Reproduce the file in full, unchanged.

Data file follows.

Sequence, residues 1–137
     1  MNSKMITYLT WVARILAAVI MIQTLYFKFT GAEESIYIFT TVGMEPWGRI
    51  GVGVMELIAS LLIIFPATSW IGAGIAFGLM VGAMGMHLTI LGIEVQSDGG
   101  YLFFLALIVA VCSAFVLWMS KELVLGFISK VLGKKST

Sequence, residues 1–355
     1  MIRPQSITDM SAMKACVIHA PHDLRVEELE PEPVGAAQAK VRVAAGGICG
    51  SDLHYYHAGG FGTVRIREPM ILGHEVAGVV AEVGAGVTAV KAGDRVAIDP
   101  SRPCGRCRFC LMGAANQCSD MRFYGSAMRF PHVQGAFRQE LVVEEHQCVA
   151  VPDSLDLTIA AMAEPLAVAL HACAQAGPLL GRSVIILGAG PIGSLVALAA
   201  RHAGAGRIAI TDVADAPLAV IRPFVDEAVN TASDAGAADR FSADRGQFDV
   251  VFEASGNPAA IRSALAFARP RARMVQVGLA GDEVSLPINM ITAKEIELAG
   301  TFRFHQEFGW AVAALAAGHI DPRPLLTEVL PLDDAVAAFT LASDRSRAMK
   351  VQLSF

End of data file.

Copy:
Sequence, residues 1–137
     1  MNSKMITYLT WVARILAAVI MIQTLYFKFT GAEESIYIFT TVGMEPWGRI
    51  GVGVMELIAS LLIIFPATSW IGAGIAFGLM VGAMGMHLTI LGIEVQSDGG
   101  YLFFLALIVA VCSAFVLWMS KELVLGFISK VLGKKST

Sequence, residues 1–355
     1  MIRPQSITDM SAMKACVIHA PHDLRVEELE PEPVGAAQAK VRVAAGGICG
    51  SDLHYYHAGG FGTVRIREPM ILGHEVAGVV AEVGAGVTAV KAGDRVAIDP
   101  SRPCGRCRFC LMGAANQCSD MRFYGSAMRF PHVQGAFRQE LVVEEHQCVA
   151  VPDSLDLTIA AMAEPLAVAL HACAQAGPLL GRSVIILGAG PIGSLVALAA
   201  RHAGAGRIAI TDVADAPLAV IRPFVDEAVN TASDAGAADR FSADRGQFDV
   251  VFEASGNPAA IRSALAFARP RARMVQVGLA GDEVSLPINM ITAKEIELAG
   301  TFRFHQEFGW AVAALAAGHI DPRPLLTEVL PLDDAVAAFT LASDRSRAMK
   351  VQLSF